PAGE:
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Demand is Pushing Up Housing Prices

Demand for housing is causing prices increases

Demand for housing is causing prices increases

The latest price index data, posted by the INE, reflects an increase of 2.5% compared to the previous quarter and a year-on-year increase of 4.5%. This confirms that demand for homes continues to be very strong despite increases in interest rates over recent months.

Furthermore, in November, the monthly variation in the price of second-hand housing rose by 0.6% and its interannual variation was +6.2%. This brings the average price to €2,172 p/m² in November. It is worth noting, however, that this increase (6.2%) is the lowest monthly increase so far in 2023.

The data for the third quarter once again reinforces housing growth, despite sharp rate increases by the European Central Bank and the rise in the Euribor, which exceeded 4%. This situation of aggressively rising financing costs, added to inflationary tensions, is already having effects on the pockets of the most vulnerable families, who are increasingly losing purchasing power. This influences the cooling of part of the purchasing demand. However, 28% of current buyers have already rejected the idea of buying in the short term,” explained María Matos, spokesperson for Fotocasa.

Despite the rise in rates and the increase in mortgage prices, the majority of purchasing demand remains strong and intense. In the last year, the interest in buying a home is changing the profile of buyers to a more specific one, made up of people who are solvent at a socioeconomic level. And the demand for housing as replacement is very important and that they are not needing financing to buy a home and they sell a home to buy another. And as is typical of the moment of economic uncertainty, new figures are also emerging such as small savers and large investors, in addition to foreign buyers, who are not as vulnerable to the change in monetary policy as they require less bank financing.

As for price, the real estate index continues to show large increases in prices and, specifically, in the third quarter of the year it rose 7% year-on-year, showing that the great latent demand that exists in the sector currently continues to push prices up while owners resist lowering prices. Probably an important part of this remaining interest is because there are many people waiting for a large price drop to occur. A situation that is difficult to predict.“, said Matos.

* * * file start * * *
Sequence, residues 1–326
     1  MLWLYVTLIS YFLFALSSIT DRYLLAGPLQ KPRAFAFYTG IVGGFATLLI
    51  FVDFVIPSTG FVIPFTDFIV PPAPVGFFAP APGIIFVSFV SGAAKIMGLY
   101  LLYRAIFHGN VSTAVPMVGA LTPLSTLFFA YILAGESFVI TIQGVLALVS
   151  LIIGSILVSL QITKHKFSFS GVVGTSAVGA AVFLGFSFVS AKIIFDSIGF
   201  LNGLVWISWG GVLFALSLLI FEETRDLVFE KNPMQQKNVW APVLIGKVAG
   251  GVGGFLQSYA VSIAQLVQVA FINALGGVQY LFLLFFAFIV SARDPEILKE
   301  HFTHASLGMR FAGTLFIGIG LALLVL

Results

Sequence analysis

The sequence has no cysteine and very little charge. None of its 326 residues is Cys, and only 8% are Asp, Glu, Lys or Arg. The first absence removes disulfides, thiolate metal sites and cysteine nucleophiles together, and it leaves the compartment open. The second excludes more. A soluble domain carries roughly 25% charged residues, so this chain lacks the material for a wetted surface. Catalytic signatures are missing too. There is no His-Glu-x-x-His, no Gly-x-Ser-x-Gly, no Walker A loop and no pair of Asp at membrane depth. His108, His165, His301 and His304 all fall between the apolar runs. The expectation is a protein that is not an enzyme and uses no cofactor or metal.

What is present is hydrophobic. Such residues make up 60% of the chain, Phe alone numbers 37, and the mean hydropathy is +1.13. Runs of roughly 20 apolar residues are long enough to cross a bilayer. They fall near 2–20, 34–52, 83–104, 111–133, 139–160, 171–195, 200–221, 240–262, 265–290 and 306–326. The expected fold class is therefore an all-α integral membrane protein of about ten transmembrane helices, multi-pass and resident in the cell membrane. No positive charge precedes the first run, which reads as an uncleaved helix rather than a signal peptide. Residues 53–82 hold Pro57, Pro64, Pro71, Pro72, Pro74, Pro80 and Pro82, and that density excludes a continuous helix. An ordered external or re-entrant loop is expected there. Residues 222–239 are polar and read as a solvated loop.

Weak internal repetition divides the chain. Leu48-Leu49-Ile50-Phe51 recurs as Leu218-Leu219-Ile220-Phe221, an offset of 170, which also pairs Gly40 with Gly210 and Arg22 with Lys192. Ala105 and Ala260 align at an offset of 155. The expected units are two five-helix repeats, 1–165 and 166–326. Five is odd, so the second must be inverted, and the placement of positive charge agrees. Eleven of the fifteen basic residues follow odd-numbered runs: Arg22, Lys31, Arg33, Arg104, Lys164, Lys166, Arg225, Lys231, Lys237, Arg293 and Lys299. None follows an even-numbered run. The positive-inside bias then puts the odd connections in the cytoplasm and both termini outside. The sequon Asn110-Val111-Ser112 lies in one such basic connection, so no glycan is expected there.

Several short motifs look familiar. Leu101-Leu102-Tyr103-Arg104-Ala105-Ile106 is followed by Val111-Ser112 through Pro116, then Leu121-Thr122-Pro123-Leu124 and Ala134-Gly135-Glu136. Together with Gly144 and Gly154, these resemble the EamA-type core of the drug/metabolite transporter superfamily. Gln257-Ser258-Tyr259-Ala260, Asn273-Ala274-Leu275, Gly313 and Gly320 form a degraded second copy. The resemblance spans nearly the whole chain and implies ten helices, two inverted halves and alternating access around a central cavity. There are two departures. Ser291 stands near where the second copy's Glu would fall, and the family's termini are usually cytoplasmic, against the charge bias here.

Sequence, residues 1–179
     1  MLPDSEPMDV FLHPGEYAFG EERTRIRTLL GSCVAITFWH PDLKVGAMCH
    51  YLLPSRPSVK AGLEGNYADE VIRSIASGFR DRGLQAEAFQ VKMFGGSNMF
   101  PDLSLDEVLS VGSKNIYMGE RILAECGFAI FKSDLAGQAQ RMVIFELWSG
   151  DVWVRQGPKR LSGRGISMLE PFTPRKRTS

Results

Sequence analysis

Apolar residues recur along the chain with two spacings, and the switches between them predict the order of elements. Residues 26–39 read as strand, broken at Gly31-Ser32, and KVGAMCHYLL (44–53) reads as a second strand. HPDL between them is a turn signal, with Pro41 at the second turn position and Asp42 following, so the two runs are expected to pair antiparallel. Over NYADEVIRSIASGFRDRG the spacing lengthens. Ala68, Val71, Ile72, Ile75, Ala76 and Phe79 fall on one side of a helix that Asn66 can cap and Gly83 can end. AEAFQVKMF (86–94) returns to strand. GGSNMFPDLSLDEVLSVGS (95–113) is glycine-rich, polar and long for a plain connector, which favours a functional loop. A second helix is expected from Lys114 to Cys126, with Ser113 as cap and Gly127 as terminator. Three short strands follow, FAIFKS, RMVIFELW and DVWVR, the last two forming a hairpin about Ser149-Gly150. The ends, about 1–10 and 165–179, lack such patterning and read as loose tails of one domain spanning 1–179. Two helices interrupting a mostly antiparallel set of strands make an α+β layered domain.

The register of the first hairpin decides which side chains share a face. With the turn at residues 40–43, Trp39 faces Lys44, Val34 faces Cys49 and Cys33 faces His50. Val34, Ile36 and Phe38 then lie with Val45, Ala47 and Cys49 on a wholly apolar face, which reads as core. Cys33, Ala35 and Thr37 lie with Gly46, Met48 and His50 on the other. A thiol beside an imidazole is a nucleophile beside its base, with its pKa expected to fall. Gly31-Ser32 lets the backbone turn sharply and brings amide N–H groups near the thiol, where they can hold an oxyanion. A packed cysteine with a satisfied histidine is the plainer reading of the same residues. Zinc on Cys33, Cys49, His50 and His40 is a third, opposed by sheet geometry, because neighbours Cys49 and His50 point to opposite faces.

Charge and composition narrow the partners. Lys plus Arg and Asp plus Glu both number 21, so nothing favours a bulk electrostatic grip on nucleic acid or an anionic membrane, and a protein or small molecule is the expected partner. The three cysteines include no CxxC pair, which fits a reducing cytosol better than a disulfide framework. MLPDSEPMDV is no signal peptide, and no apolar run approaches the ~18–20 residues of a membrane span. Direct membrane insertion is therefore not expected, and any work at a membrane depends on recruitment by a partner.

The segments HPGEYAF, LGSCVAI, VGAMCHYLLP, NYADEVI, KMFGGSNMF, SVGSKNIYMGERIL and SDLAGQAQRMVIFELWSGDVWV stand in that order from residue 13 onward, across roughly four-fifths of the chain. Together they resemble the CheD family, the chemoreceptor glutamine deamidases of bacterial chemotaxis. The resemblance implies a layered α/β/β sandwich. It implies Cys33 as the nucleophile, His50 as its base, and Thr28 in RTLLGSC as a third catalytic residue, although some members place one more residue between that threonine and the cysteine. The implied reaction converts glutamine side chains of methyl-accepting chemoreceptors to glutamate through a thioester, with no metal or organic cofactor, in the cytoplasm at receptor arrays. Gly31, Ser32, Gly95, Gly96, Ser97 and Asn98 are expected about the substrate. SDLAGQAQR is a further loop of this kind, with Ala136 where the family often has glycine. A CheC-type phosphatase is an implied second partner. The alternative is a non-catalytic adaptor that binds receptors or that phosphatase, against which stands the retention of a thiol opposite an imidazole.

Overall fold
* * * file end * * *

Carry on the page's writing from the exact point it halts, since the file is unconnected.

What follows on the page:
At the moment, no significant price declines are expected; what is certain is that the tensions between supply and demand will make an extensive correction difficult. Interest in buying still exceeds pre-pandemic levels, and the reduction in supply during this past year will make it even more difficult to reach a balance quickly. And we predict that by the end of the year the price increase will be close to 5%.

Demand for New Property

New property for sale deserves a special mention, since the price of new property increased by 4.1% in the third quarter, and by 11% year-on-year. This trend will continue in the long term because this type of brand-new housing is experiencing an unprecedented boom. In fact, according to data, 20% of current home buyers are exclusively looking for new construction and this intense demand is pushing up the prices of this type of home in the face of a shortage of stock.

It is not likley that new construction will suffer any moderation and even if demand continues to be so strong in the coming months, we will see prices continue to increase. Not only because of runaway inflation, which affects the cost of materials, production and logistics, which has caused the slowdown and paralysis of some promotions, but also because of the low production levels of new construction. The difficulties of developers and builders in purchasing land, the lack of qualified labour in the sector and the increase in the price of materials derived from the rise in energy prices and the war in Ukraine, is causing the stock to be low.

Keep in mind that we have come from two years of great sales activity and 2023 will also close with a sales volume close to 550,000 homes sold. A large volume of product has been sold without time to be replaced, therefore, the gap between supply and demand is real, causing tension in prices and this tension is likely to continue throughout 2023 and a good part of 2024.

Prices by Autonomous Community

If we look the prices of housing for sale compared to a year ago, we see that 16 communities saw increased year-on-year prices in November. Unlike other months, in which increases of more than 10% occurred in six communities, in November it was reduced to three: Canary Islands (22.5%), Balearic Islands (17.3%) and Navarra (10.9%). They are followed by the communities of La Rioja (9.2%), Valencian Community (8.8%), Madrid (8.3%), Andalusia (7.8%), Region of Murcia (6.5%), Aragón (4.6%) , Basque Country (4.6%), Cantabria (4.5%), Asturias (4.3%), Catalonia (3.1%), Castilla-La Mancha (2.8%), Castilla y León (2.1%) and Galicia (2.0%).

Regarding the ranking of Autonomous Communities with the most expensive second-hand housing prices in Spain, the most expensive are found in the Balearic Islands and Madrid, with prices of €3,802 p/m² and €3,652 p/m², respectively. They are followed by the Basque Country with €3,055 p/m², Catalonia with €2,737 p/m², the Canary Islands with €2,389 p/m², Navarra with €2,058 p/m², Andalusia with €1,974 p/m², Cantabria with €1,878 p/m², Aragon with €1,738 euros. /m2, Valencian Community with €1,718 p/m², Galicia with €1,707 p/m², La Rioja with €1,658 p/m², Asturias with €1,650 p/m², Castilla y León with €1,474 p/m², Region of Murcia with €1,280 p/m² , Extremadura with €1,196 p/m² and Castilla-La Mancha with €1,189 p/m².